The print version of High-Performance Java Persistence

One year after I published the first part of the High-Performance Java Persistence, I managed to publish the print version of the book. The book is printed on demand using Amazon CreateSpace, and it looks like as follows.

The best way to map a @OneToOne relationship with JPA and Hibernate

Introduction There are many ways you can map a one-to-one relationship with Hibernate. In this post, I’m going to demonstrate which mapping is the most efficient one from a database perspective.

14 High-Performance Java Persistence Tips

Introduction A high-performance data access layer requires a lot of knowledge about database internals, JDBC, JPA, Hibernate, and this post summarizes some of the most important techniques you can use to optimize your enterprise application. 1. SQL statement logging If you’re using a framework that generates statements on your behalf, you should always validate each statement effectiveness and efficiency. A testing-time assertion mechanism is even better because you can catch N+1 query problems even before you commit your code. 2. Connection management Database connections are expensive, therefore you should always use a… Read More

High-Performance Java Persistence – Part Two

Another milestone has been reached The second part of High-Performance Java Persistence book is out. It’s been almost a year since I started writing this book, and seven months since I published the first part.

The Open Session In View Anti-Pattern

Introduction The Open Session in View is an Anti-Pattern, and this post is going to demonstrate why it is so. First of all, let’s start with the Wikipedia definition of an Anti-Pattern: An anti-pattern (or antipattern) is a common response to a recurring problem that is usually ineffective and risks being highly counterproductive.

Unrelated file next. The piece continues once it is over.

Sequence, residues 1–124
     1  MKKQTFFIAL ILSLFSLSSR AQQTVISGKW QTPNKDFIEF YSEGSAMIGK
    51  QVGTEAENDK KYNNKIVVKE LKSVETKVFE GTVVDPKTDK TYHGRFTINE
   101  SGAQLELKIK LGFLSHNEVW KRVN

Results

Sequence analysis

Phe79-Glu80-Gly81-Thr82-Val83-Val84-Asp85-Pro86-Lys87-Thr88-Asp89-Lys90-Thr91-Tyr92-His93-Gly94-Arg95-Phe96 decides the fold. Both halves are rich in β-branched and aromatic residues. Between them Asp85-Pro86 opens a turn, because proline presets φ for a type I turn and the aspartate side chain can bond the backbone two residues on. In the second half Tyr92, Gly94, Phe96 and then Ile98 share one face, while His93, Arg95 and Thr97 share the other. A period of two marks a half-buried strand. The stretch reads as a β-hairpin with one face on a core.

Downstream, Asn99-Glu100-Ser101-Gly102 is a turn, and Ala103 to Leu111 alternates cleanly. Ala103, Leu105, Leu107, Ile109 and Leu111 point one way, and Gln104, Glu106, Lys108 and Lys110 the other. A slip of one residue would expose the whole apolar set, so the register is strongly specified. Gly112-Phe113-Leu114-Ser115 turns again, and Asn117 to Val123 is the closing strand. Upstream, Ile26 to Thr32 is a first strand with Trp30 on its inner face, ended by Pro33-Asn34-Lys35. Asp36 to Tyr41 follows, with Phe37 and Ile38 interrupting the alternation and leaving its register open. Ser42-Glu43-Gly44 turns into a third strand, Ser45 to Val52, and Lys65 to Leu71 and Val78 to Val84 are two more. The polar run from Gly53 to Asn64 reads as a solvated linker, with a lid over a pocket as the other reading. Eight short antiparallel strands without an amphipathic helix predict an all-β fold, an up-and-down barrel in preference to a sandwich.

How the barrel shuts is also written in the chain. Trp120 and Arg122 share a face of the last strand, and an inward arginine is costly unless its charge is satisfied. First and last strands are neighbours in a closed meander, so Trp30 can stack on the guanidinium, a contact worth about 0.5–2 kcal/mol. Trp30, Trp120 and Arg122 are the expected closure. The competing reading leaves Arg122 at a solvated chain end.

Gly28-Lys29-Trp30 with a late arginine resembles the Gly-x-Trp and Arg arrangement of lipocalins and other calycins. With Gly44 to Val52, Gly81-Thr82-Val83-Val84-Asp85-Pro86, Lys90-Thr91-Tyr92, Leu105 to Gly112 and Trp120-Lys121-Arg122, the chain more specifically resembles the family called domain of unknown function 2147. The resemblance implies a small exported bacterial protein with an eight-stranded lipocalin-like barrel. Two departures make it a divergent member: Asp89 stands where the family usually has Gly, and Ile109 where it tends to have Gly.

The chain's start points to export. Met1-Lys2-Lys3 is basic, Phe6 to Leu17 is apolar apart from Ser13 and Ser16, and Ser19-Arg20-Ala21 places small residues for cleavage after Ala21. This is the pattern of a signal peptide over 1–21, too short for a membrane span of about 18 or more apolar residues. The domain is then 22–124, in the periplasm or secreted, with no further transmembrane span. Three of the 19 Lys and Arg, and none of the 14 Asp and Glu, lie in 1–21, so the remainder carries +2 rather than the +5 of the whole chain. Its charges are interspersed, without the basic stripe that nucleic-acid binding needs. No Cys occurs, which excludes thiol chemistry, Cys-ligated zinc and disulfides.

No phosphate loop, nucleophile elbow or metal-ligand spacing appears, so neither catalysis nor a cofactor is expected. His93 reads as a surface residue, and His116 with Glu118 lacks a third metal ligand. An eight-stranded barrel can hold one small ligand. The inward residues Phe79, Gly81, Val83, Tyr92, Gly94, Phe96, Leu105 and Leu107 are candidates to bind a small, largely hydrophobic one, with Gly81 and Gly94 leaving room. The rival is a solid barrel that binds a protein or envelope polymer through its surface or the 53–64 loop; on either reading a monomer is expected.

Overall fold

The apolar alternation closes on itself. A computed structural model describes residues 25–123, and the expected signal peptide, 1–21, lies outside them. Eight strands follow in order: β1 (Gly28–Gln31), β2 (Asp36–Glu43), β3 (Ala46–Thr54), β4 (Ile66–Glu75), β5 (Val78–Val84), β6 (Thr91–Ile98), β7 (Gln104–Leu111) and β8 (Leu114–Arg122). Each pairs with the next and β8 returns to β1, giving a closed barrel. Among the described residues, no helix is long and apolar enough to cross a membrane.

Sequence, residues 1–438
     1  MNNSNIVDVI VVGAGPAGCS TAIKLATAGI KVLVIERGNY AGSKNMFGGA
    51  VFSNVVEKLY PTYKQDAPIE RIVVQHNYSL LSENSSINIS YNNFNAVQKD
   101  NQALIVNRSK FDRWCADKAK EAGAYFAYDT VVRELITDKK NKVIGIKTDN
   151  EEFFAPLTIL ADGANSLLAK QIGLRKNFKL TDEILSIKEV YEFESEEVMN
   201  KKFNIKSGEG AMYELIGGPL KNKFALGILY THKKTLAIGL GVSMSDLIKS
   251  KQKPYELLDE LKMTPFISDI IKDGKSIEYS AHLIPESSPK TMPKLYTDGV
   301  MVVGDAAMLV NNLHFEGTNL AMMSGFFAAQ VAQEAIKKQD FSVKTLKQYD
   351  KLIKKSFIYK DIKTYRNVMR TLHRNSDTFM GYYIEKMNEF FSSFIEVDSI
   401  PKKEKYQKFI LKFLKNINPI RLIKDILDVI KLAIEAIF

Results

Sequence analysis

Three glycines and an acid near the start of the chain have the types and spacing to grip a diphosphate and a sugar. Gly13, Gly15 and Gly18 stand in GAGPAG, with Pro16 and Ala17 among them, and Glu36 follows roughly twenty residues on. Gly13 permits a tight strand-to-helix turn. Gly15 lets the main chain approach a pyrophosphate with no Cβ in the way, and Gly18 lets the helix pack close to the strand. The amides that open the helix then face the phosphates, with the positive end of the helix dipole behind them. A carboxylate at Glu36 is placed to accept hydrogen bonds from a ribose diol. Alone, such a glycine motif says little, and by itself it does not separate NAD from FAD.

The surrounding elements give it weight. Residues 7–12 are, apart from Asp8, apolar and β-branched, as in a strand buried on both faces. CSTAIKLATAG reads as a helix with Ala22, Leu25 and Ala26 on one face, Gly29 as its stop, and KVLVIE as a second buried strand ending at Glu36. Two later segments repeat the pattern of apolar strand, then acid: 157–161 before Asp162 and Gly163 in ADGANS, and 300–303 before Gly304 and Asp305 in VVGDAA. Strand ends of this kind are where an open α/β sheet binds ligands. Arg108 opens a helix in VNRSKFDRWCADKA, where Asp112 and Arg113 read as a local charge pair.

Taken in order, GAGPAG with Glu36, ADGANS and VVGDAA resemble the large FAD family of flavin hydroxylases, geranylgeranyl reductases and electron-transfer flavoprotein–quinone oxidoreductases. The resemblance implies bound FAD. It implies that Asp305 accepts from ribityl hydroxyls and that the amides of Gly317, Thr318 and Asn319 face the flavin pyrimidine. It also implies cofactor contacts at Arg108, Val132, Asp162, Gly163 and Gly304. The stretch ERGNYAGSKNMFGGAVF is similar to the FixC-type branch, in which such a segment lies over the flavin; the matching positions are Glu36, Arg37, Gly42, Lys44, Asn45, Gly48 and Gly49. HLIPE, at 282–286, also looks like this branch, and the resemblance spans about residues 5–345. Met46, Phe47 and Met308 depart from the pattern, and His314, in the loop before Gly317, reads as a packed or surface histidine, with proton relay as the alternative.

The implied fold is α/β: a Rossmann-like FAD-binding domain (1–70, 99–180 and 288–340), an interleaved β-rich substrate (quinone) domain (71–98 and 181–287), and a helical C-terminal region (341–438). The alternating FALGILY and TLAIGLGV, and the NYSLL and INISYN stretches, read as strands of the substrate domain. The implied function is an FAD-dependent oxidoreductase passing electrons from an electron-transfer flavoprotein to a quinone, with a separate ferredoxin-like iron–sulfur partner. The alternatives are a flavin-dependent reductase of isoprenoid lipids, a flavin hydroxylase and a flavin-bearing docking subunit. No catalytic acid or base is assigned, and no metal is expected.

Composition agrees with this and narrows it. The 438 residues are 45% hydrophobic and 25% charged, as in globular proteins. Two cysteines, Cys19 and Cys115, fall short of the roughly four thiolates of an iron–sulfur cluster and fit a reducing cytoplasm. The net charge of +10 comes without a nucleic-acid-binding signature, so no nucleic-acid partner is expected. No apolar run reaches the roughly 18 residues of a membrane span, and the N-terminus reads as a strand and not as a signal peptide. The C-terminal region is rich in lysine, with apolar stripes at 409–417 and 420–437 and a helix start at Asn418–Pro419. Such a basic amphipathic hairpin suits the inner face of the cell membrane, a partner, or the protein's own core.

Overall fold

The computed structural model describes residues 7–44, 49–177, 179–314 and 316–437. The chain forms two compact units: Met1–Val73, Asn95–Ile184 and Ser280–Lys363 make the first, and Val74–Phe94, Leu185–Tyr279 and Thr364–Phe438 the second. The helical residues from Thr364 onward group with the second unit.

High-Performance Java Persistence – Chapter 16 – Caching

Part 2, Chapter 16 Every new chapter of my book is released right after it’s being completed, so the reader doesn’t have to wait for the whole part to be finished to get access to new material. Table of content This chapter explains how enterprise caching works, from database internal buffers, to application-level caching, and the second-level cache offered by Hibernate.

High-Performance Java Persistence – Chapter 15 – Fetching

Part 2, Chapter 15 Every new chapter of my book is released right after it’s being completed, so the reader doesn’t have to wait for the whole part to be finished to get access to new material. Table of content This chapter explains how fetching works in Hibernate.

High-Performance Java Persistence – Chapter 14 – Batching

Part 2, Chapter 14 Every new chapter of my book is released right after it’s being completed, so the reader doesn’t have to wait for the whole part to be finished to get access to new material. Table of content This chapter explains how batch updates work in Hibernate.

High-Performance Java Persistence – Chapter 13 – Flushing

Part 2, Chapter 13 Every new chapter of my book is released right after it’s being completed, so the reader doesn’t have to wait for the whole part to be finished to get access to new material. Table of content This chapter explains the inner-workings of the Hibernate Persistence Context implementation.

How to enable bytecode enhancement dirty checking in Hibernate

Introduction Hibernate runs the automatic dirty checking mechanism during flush-time, and any managed entity state change is translated into an UPDATE SQL statement. The default dirty checking mechanism uses Java reflection and goes through every property of every managed entity. If the Persistence Context has few entities, this process might go unnoticed, but, if we’re dealing with many entities or the entities have many properties (e.g. a legacy database Domain Model mapping), then the reflection-based dirty checking might have an associated performance impact.